Cover: Legal Outcomes and Home-Court Advantage

Legal Outcomes and Home-Court Advantage

Evidence from the Securities and Exchange Commission's Shift to Administrative Courts

Published in: The Journal of Law and Economics, Volume 66, Number 4, pages 797-835 (November 2023). DOI: 10.1086/725413

Posted on rand.org Jul 1, 2024

by Eric Helland, George Vojta

Administrative law judges' (ALJs') relative lack of formal independence has engendered worries that they give agencies a home-court advantage. We examine the 2010 Dodd-Frank Act, which allowed the Securities and Exchange Commission (SEC) to move cases into its administrative court. The problem with this policy experiment is that the SEC retains the discretion to bring cases in federal court, so it is impossible to identify which cases the policy treats. We propose a difference-in-differences design, using natural-language-processing methods to create control and treatment groups. We construct propensity scores using random-forest methods. After binning cases into likely or not likely to be affected by the courts' expansion, the difference-in-differences estimation indicates that the expansion made defendants 30 percentage points more likely to settle and 36 percentage points more likely to receive a nonmonetary penalty. There is a 24-percentage-point reduction in the likelihood of a monetary penalty.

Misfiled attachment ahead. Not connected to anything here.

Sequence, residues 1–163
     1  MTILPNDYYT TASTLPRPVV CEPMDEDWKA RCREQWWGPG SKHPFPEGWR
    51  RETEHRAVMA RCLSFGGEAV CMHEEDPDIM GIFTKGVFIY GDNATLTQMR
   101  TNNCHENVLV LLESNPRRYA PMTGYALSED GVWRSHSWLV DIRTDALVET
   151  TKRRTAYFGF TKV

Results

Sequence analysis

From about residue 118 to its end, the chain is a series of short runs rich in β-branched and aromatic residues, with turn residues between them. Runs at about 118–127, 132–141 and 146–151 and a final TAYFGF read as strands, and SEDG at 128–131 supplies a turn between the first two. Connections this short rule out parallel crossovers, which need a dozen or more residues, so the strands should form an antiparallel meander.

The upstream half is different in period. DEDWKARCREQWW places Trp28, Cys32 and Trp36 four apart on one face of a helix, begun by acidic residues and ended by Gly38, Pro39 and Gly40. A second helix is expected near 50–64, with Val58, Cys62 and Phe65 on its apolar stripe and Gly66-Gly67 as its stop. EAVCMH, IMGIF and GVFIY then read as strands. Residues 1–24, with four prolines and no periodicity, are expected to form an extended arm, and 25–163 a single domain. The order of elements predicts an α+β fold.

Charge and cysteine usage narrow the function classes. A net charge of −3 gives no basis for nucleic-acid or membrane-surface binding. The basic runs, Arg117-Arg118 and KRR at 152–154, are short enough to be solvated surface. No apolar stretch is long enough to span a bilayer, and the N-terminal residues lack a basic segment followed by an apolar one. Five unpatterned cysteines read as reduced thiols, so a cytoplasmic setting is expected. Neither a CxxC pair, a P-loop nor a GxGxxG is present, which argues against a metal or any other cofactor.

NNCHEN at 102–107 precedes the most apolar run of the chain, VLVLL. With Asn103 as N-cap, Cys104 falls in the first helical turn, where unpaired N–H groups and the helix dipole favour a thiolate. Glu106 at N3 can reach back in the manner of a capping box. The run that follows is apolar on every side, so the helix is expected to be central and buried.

Research conducted by

This report is part of the RAND external publication series. Many RAND studies are published in peer-reviewed scholarly journals, as chapters in commercial books, or as documents published by other organizations.

RAND is a nonprofit institution that helps improve policy and decisionmaking through research and analysis. RAND's publications do not necessarily reflect the opinions of its research clients and sponsors.